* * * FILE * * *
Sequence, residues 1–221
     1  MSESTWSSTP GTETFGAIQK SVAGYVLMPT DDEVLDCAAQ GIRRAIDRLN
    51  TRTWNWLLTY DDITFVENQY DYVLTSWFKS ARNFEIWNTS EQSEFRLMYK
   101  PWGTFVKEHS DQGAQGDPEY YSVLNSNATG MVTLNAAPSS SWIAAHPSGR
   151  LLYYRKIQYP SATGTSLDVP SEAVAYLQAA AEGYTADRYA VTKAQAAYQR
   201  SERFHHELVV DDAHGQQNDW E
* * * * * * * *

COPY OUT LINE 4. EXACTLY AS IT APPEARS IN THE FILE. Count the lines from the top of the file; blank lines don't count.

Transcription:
   101  PWGTFVKEHS DQGAQGDPEY YSVLNSNATG MVTLNAAPSS SWIAAHPSGR